Coder Perfect

What is the best way to get Moq to return a Task?


I’ve got an interface which declares

Task DoSomethingAsync();

For my experiments, I’m using MoqFramework:

public async Task MyAsyncTest()
   Mock<ISomeInterface> mock = new Mock<ISomeInterface>();
   mock.Setup(arg => arg.DoSomethingAsync()).Callback(() => { <my code here> });

Then I run the code that calls await DoSomethingAsync in my test (). And that line is where the test fails. What am I doing incorrectly?

Asked by Waldemar

Solution #1

There’s no reason to use because your method doesn’t contain any callbacks. CallBack(). Using the method, you can simply return a Task with the necessary values. Returns() and Task are two functions that can be used together. For example, consider the following:

MyType someValue=...;

Update 2014-06-22

To help with this, Moq 4.2 provides two new extension methods.


    .ThrowsAsync(new InvalidOperationException());

Update 2016-05-05

ReturnsAsync is only available for methods that return a TaskT>, as Seth Flowers points out in the other answer. Only a Task is returned by methods that return only a Task.


can be used.

In.NET 4.6, as indicated in this response, this is simplified to.Returns(Task.CompletedTask);, for example:


Answered by Panagiotis Kanavos

Solution #2

Similar Issue

I had a user interface that looked somewhat like this:

Task DoSomething(int arg);


When my service under test awaited the call to DoSomething, my unit test failed.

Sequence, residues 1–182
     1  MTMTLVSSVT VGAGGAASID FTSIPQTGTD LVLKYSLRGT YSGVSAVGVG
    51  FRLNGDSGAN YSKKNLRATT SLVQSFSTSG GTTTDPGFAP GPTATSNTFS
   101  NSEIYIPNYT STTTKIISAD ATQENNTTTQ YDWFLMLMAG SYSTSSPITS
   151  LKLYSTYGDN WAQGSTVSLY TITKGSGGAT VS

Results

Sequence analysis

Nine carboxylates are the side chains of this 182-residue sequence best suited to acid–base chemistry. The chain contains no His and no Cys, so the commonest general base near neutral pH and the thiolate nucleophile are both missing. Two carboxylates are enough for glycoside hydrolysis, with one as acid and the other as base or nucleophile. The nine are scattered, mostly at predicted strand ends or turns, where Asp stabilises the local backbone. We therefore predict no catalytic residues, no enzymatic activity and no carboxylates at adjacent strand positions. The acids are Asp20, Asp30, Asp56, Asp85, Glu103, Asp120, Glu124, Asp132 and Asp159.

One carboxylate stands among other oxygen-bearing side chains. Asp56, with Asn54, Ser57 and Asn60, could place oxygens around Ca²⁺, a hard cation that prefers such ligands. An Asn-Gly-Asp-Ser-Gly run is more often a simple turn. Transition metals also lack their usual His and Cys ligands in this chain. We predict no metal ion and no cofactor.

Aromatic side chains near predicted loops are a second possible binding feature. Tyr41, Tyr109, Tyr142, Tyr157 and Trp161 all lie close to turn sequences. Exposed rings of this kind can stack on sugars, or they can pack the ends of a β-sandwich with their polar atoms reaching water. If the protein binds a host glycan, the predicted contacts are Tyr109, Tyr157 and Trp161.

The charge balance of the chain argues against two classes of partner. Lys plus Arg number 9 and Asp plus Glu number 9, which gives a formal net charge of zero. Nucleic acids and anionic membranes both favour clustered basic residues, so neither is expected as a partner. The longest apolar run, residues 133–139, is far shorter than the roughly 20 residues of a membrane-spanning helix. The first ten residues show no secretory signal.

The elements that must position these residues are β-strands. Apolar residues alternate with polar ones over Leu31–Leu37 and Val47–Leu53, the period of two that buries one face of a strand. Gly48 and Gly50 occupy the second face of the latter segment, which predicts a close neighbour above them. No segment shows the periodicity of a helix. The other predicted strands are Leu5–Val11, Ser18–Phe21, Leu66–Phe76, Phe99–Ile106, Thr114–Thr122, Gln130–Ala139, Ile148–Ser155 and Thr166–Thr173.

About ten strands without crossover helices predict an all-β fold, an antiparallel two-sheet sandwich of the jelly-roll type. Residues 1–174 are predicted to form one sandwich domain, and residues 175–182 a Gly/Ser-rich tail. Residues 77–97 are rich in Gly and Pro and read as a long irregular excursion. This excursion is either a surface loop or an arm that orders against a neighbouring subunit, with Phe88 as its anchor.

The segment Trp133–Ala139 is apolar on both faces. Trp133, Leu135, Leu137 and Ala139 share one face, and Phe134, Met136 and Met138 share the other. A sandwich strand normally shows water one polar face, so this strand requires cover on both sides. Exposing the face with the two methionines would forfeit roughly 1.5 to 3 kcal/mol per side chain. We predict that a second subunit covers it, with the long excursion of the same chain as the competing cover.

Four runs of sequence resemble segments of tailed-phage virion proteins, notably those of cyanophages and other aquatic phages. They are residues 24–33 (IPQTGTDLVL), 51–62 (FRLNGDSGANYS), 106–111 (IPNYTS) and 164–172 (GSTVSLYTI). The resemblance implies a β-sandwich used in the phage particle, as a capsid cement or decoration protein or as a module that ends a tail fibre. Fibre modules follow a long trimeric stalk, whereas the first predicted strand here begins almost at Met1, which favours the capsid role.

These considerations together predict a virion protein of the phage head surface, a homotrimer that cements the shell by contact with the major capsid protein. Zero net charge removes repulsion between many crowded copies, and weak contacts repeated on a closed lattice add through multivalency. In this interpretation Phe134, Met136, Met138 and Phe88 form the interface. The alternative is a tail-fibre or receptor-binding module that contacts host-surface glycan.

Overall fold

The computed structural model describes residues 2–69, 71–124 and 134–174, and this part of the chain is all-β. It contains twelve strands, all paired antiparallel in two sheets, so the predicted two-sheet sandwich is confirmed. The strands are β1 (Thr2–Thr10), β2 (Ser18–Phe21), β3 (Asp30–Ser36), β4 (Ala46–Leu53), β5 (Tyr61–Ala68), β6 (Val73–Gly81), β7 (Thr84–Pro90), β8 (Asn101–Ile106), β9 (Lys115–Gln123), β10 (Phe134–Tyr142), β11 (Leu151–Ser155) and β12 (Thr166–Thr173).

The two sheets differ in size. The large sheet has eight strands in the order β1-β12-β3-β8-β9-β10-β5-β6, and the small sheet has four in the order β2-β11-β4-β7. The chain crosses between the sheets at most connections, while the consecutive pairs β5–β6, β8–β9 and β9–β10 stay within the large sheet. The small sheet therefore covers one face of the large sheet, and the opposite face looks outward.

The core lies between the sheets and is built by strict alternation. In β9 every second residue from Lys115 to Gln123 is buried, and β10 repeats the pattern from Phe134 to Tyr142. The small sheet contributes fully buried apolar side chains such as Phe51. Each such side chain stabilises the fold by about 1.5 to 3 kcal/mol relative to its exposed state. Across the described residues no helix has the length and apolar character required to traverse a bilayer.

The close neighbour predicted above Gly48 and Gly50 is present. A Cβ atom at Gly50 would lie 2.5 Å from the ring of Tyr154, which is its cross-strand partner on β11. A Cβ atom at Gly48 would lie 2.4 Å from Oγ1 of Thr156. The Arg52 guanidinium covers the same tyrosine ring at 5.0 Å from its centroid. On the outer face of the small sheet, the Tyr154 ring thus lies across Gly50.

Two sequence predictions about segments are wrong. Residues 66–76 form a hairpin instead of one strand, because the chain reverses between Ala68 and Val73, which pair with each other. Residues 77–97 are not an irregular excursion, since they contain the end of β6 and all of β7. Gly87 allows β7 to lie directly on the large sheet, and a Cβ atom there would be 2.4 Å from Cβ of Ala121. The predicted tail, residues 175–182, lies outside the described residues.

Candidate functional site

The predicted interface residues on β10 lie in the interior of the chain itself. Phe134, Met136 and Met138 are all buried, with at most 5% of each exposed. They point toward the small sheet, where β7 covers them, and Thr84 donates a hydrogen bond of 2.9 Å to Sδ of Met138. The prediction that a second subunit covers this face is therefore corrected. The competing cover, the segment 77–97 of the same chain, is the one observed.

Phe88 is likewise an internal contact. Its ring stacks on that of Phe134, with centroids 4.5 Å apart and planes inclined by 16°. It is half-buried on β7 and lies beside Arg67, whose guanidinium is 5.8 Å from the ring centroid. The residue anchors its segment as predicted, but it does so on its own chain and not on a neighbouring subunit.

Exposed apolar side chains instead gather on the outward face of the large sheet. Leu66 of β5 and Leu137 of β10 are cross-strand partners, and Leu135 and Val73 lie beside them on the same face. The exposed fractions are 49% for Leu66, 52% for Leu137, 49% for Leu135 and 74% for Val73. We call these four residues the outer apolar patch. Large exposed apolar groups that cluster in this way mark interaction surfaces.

You are unable to call, contrary to popular belief. In this case, you should use ReturnsAsync() on the Setup() of this method because it returns a non-generic Task rather than TaskT>.

You can, however, continue to utilize. On the setup, returns(Task.FromResult(default(object)) allowing the test to pass.

Answered by Seth Flowers

Solution #3

All you have to do now is add. After the Callback, returns(Task.FromResult(0)).


mock.Setup(arg => arg.DoSomethingAsync())
    .Callback(() => { <my code here> })

Answered by Diego Torres

Solution #4

You can now use Talentsoft as well.

Which of the following, based on the responses collected here and ideas given to Moq but not yet implemented: makes setting up async methods a breeze.

Following are a few examples from earlier SetupAsync responses:

mock.SetupAsync(arg=>arg.DoSomethingAsync()).Callback(() => { <my code here> });
mock.SetupAsync(arg=>arg.DoSomethingAsync()).Throws(new InvalidOperationException());

Answered by user9812476

Post is based on